The Washington Post's Volokh Conspiracy blog: Was Delaying The Employer Mandate Legal? Did The IRS Even Check?
The legal justification for the employer mandate delay offered by the Treasury Department has been exceedingly weak. Perhaps this is because the Treasury Department never considered whether it had legal authority to delay the employer mandate until after it made the decision to delay it. ... This has led some to speculate that the order for the delay came from the White House, where political considerations would have trumped legal constraints. ... This is eminently plausible given some of the White House’s other announcements seeking to alter PPACA implementation in unauthorized ways (Jonathan H. Adler, 3/22).
The Chicago Sun-Times: Unemployment Insurance Saved Me
Twelve years ago I was free-lance graphic designer living in downtown Chicago and taking advantage of my two bachelor’s degrees, leading an enjoyable life and earning enough to go on vacation every so often. Then I was diagnosed with AIDS and my life changed forever. ... I have been underemployed or unemployed ever since, never making more than $25,000 a year because my health care under the Ryan White Act limits the amount I can make (Will Wilson, 3/23).
On other health issues -
Los Angeles Times: Why NRA Opposition Shouldn't Doom Obama's Surgeon General Nominee
The National Rifle Assn. has a problem with Dr. Vivek Hallegere Murthy, President Obama's nominee for surgeon general, but it has nothing to do with Murthy's medical expertise. It's that Murthy thinks gun control is smart public health policy. Unfortunately, too many members of the Senate share the gun lobby's skewed view of the world, much to the detriment of the country and, it seems, to Murthy's chances of being confirmed (3/23).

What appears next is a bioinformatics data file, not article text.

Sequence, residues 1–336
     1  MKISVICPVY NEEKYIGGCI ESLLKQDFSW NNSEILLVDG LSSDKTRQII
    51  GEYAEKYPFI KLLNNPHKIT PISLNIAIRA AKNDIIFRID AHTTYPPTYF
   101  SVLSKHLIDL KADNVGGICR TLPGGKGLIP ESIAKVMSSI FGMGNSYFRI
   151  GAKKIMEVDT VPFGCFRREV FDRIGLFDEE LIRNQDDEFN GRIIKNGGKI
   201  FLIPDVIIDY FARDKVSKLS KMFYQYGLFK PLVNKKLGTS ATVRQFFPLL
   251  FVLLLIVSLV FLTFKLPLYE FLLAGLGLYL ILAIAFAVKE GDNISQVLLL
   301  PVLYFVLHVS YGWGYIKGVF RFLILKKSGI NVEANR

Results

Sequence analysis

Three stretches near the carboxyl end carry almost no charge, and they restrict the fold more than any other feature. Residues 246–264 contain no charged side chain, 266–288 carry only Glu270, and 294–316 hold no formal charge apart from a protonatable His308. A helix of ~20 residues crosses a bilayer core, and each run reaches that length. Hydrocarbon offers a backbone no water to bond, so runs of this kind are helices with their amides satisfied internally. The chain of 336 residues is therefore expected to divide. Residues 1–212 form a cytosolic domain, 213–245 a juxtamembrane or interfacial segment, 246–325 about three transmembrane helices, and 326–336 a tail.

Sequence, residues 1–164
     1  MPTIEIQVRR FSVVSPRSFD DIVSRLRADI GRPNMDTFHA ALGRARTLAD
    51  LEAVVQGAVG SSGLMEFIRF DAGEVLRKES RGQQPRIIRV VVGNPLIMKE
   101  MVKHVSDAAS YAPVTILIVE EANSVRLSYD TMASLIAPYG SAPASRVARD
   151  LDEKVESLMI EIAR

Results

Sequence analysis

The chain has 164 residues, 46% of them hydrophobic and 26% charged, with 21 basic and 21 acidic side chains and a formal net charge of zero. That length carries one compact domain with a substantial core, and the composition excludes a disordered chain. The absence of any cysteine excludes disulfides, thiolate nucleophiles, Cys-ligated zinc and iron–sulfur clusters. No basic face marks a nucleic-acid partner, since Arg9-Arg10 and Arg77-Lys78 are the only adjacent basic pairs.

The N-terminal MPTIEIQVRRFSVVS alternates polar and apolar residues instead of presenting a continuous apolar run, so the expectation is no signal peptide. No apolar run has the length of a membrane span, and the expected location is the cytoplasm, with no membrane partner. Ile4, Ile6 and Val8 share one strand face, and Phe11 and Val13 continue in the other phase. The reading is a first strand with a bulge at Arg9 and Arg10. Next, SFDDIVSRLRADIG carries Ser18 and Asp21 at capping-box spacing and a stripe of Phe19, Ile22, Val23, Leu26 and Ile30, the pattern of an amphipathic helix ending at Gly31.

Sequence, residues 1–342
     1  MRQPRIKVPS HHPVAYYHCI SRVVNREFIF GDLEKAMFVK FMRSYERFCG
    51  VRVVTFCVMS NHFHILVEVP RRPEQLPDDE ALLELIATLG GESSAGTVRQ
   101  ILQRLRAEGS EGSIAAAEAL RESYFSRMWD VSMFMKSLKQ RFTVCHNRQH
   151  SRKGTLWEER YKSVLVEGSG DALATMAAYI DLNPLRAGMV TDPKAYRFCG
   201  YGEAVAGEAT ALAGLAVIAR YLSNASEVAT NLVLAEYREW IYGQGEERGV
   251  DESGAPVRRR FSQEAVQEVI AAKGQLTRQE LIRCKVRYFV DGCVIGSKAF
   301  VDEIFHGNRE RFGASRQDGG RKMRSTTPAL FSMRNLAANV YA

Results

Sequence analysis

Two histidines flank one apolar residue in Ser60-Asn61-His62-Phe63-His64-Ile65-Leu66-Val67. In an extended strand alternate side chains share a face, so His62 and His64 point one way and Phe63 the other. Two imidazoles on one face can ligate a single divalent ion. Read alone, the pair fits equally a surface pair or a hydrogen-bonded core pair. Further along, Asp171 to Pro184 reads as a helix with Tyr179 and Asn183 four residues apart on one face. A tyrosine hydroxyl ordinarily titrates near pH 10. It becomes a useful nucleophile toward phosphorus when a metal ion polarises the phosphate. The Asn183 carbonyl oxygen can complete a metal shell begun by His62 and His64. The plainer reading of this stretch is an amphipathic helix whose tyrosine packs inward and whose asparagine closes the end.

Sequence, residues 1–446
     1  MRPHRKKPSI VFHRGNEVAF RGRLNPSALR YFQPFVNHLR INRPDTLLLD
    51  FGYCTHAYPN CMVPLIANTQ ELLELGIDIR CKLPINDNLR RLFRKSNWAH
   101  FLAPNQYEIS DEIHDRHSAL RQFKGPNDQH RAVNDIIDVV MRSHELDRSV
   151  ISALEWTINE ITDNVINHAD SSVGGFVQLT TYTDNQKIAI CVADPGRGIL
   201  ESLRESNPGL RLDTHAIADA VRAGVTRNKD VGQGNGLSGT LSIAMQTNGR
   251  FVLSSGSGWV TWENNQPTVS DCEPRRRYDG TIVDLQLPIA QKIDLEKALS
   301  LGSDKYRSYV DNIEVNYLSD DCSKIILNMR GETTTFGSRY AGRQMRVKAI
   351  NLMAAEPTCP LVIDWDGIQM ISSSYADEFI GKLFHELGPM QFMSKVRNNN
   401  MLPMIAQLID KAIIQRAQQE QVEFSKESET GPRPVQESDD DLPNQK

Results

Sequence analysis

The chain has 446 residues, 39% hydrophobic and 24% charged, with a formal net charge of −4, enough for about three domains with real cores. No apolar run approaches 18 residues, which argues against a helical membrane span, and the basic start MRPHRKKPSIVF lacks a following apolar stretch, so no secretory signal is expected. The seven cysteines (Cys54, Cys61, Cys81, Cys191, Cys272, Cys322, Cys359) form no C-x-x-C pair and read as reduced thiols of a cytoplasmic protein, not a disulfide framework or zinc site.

The Washington Post: Guns Are A Health-Care Issue
[He] once dared to claim that “guns are a health care issue,” a fact that any doctor with experience in the emergency room knows well. Mr. Murthy, the NRA fumed, would remove the ban on physicians asking patients whether they keep guns in the home and lift restrictions on gun death research at the Centers for Disease Control and Prevention (CDC). All of those ideas sound pretty modest to us. Even if they weren’t, they don’t provide any pretext to oppose Mr. Murthy’s confirmation, since he would not be in a position to set firearms policy as surgeon general. The fact that he’s right just makes the insult worse. (3/22).
The New York Times: Making Vaccination Mandatory For All Children
An outbreak of measles in Manhattan showed that even doctors had overlooked the disease as childhood vaccination became widespread. But over the last decade more people have objected to immunization. Along with the religious exemptions that almost all states allow, 19 states allow exemptions for philosophical reasons. But are broader outbreaks like those in Britain evidence that parents should no longer be allowed to get any exemption from having their children immunized? (3/23).